Computers 101: Basic Computer Terminology You Need to Know

by on October 24, 2018

We are not novices to the digital landscape. The internet, for lack of a better statement, is everywhere. The vast majority of us interact with it for personal, recreational, and work-related reasons weekly—if not every day. I, for one, spend too much time on it. Thus, when it comes to the flagship machine we use to access the World Wide Web (the computer), it’s important that we understand terminology related to the hardware and software.

Perhaps you want to understand the ins and outs of computer hardware? Maybe you’re looking for a do-it-yourself fix or upgrade and you’re constantly inhibited by jargon? Whatever the reason, familiarizing with basic computer terminology is important.  


The list I’ve created below showcases vital, important, and industry-standard pieces of hardware that all computers rely on. The word ‘hardware’ itself can be considered terminology; it’s the physical parts that makeup the computer itself.


The CPU, also known as the central processing unit, is what you can effectively consider the ‘brain’ of the computer. It works to control, delegate, and monitor the pieces of hardware beneath its umbrella.

Hard Drive

A hard drive is a piece of hardware—containing a disk—responsible for storing files and data on your computer. Every computer comes with some version of a hard drive built into its core structure, but external ones exist too.

Graphics Card

The graphics card is the piece of hardware directly responsible for the quality of your visual display, or graphics. Say, if I wanted my computer to provide better aesthetics (this is most common with gamers or designers), I’d first think to upgrade the graphics card.


The monitor is your display, or the screen connected to your computer. Laptops have built in monitors that are commonly referred to as ‘screens.’


The motherboard, or central circuit board, is what provides electrical connections to the different parts of hardware, which allows them to communicate to each other. You can think of the motherboard as the brain’s nervous system.


RAM (random access memory) is the memory of a computer which works actively with the hard drive. It pulls the data when it’s in use then returns it back to the hard drive once you’re done with it.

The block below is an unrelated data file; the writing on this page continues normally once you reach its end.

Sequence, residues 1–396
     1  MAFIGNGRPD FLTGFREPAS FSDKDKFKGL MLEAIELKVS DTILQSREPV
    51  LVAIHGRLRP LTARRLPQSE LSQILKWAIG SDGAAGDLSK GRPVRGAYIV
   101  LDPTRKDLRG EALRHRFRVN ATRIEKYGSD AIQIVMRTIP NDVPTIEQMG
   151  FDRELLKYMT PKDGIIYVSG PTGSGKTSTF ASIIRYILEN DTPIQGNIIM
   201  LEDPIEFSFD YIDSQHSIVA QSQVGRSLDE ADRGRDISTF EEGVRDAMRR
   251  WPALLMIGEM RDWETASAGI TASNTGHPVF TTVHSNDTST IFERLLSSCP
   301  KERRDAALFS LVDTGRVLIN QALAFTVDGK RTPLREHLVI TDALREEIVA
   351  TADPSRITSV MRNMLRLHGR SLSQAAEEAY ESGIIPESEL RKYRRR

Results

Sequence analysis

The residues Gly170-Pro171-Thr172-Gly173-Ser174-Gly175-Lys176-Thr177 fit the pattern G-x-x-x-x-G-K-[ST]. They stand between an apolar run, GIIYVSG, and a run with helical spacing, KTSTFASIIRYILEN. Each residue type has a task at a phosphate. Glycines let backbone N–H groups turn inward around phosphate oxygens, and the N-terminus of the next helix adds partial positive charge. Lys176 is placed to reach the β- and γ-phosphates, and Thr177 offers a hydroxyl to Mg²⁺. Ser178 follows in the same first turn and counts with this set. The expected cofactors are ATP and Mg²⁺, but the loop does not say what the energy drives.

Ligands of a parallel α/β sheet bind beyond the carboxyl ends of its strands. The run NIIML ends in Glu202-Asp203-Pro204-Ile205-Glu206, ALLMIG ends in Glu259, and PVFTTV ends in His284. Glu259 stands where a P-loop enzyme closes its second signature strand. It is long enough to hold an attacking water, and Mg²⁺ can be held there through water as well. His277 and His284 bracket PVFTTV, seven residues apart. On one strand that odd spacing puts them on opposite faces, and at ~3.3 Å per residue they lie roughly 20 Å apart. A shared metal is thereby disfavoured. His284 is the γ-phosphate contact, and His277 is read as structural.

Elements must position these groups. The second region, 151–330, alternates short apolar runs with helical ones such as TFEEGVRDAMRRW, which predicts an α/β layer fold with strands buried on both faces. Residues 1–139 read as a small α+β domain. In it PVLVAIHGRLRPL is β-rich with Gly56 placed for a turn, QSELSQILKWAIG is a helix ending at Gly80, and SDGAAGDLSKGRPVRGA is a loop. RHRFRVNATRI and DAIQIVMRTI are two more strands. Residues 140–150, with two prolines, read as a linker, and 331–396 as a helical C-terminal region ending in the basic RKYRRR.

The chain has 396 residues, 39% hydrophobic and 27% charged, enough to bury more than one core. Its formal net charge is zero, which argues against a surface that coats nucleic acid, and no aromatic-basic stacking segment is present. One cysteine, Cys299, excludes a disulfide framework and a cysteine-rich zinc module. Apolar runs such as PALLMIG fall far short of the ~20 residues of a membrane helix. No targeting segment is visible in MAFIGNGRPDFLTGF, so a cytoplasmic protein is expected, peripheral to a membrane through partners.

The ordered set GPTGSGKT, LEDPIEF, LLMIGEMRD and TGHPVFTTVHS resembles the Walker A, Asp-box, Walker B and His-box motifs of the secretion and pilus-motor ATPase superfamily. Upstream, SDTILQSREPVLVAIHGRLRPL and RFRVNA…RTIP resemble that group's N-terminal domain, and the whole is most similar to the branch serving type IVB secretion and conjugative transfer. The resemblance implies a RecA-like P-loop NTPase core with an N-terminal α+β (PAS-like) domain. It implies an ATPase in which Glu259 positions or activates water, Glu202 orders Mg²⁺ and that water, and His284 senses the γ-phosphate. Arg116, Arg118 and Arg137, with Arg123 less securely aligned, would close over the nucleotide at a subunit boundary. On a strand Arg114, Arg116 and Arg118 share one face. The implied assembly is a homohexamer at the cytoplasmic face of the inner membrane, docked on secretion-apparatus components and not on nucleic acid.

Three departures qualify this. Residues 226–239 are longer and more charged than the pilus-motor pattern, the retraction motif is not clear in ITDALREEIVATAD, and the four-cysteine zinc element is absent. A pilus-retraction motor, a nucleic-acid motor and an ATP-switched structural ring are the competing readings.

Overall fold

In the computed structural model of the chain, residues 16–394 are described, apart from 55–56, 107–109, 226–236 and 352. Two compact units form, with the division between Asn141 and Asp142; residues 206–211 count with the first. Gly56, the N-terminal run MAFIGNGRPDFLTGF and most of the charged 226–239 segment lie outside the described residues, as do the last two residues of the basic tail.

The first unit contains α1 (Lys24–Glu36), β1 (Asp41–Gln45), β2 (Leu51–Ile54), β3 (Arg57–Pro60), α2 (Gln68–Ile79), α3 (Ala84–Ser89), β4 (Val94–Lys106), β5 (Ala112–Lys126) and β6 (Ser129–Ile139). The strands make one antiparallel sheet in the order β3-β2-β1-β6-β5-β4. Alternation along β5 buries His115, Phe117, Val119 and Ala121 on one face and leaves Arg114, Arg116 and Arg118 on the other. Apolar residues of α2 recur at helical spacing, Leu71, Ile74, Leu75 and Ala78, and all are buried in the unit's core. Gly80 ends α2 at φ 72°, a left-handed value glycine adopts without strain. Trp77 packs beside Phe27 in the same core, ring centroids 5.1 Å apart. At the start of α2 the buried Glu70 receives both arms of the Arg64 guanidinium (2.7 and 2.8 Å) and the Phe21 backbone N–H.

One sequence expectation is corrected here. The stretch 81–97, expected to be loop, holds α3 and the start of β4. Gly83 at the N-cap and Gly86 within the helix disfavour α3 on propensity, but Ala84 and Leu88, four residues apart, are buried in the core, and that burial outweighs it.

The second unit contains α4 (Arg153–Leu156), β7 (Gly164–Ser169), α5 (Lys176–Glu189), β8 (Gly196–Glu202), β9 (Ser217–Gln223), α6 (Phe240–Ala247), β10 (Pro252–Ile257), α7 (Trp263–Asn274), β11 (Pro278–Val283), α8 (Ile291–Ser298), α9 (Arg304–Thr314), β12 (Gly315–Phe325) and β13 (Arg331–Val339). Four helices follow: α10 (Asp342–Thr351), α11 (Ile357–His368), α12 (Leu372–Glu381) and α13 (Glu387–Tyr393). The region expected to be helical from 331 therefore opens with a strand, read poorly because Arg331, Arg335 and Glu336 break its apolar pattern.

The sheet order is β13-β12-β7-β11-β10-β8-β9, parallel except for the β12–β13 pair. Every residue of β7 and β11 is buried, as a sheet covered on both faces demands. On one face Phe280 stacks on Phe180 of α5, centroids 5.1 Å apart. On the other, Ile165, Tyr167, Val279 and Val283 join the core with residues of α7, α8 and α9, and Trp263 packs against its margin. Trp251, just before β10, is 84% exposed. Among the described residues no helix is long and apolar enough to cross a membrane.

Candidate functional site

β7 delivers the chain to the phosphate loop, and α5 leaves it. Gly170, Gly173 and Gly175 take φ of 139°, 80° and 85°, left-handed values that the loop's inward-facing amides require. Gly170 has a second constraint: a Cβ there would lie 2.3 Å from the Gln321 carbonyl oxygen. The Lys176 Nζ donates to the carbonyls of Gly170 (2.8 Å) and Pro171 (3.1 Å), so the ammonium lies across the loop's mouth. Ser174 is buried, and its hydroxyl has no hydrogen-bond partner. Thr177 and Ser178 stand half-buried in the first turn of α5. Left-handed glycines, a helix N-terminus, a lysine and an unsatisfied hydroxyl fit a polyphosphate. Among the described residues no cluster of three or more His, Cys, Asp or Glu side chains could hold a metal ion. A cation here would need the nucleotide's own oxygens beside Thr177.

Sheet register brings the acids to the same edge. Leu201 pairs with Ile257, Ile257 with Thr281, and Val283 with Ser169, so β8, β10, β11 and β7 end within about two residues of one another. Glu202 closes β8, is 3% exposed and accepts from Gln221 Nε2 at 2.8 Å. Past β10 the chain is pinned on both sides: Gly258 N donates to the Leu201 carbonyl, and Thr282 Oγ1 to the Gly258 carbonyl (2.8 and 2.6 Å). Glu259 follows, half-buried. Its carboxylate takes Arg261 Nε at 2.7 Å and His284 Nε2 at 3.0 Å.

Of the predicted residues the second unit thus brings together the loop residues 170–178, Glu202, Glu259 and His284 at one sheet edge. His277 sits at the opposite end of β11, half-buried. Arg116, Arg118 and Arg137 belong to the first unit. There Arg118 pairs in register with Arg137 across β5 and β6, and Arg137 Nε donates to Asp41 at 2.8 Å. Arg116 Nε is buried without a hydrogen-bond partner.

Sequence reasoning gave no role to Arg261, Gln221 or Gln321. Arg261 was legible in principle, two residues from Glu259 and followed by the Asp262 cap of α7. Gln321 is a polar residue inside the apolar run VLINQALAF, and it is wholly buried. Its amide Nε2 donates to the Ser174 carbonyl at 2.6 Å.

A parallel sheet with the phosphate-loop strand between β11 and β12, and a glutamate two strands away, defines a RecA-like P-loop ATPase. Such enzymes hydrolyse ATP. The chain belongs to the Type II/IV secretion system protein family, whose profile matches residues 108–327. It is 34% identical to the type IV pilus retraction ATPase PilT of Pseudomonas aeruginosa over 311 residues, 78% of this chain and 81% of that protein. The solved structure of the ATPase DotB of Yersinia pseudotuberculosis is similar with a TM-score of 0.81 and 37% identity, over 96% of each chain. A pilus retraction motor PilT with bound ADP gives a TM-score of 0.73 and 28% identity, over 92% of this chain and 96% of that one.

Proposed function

SSD Card

When I first heard about this piece of hardware, I immediately asked what is SSD? Being that SSD (solid-state drive) is relatively new, it made sense that I didn’t know. SSD is a computer data storage option that works without moving parts (unlike a hard drive, it does not include a rotating disk).


Below, I’ve made a list of common software-related terminology. Software, as a term, refers to the programs on the computer itself. It’s what you could think of as the ‘invisible’ makeup of the computer’s protocols. The most important and vital piece of software a computer contains is its operating system (OS).

Operating System

The operating system is the software of a computer that all other software is built upon. The main types of operating systems are produced by Microsoft, Apple, and Google.


Download or downloading, is the process that occurs once you select a software to install on your computer. The download time refers to how long it will take for the installation to complete.


An upload is the process of transferring a file from your computer to either:

  • Another computer
  • A host platform somewhere on the internet


Apps is an abbreviation of applications, which are effectively programs or pieces of software.

Internet Terms

Internet terms are what apply to the practices or related-materials of the internet.


WiFi is an acronym used for ‘wireless internet.’ It refers to internet that is generated and broadcast using a wireless signal rather than a hardline.

Search Engine

A search engine is a program or platform that fires off ‘digital retrievers’ to collect online documents. This collection is based off the words entered into the search bar.

Familiarizing yourself with computer terminology is one of the first steps on the journey of understanding the hardware and software itself. I, for one, turn jargon into knowledge every day. And I encourage you to do the same.